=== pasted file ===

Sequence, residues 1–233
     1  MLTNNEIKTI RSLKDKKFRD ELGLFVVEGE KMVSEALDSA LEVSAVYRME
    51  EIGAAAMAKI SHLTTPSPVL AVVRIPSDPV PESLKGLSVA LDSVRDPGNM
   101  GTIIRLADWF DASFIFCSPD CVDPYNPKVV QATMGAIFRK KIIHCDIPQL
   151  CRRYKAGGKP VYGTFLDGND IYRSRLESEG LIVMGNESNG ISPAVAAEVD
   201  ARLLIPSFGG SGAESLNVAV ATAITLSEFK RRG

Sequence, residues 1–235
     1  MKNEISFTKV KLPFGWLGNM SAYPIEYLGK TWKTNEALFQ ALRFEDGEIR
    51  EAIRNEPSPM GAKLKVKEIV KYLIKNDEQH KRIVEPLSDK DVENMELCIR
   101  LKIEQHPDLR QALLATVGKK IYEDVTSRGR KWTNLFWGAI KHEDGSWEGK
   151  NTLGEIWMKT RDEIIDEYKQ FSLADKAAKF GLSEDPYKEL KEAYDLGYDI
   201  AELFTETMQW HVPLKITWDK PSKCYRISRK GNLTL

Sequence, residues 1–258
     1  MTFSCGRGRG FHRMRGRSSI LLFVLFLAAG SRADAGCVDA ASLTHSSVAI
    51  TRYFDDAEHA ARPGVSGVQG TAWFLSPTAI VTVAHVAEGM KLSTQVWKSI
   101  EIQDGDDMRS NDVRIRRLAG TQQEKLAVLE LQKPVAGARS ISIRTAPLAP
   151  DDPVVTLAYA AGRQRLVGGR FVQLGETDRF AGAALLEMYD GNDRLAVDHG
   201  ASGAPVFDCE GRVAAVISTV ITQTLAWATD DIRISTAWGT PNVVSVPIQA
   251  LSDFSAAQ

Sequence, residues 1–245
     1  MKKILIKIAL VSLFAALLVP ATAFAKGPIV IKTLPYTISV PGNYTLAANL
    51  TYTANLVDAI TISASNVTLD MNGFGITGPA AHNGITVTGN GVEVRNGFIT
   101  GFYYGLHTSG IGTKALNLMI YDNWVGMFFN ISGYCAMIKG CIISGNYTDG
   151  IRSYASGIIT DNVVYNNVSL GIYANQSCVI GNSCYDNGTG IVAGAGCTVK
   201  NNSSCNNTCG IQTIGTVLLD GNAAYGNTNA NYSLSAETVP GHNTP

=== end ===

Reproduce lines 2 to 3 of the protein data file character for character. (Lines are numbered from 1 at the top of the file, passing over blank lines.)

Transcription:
     1  MLTNNEIKTI RSLKDKKFRD ELGLFVVEGE KMVSEALDSA LEVSAVYRME
    51  EIGAAAMAKI SHLTTPSPVL AVVRIPSDPV PESLKGLSVA LDSVRDPGNM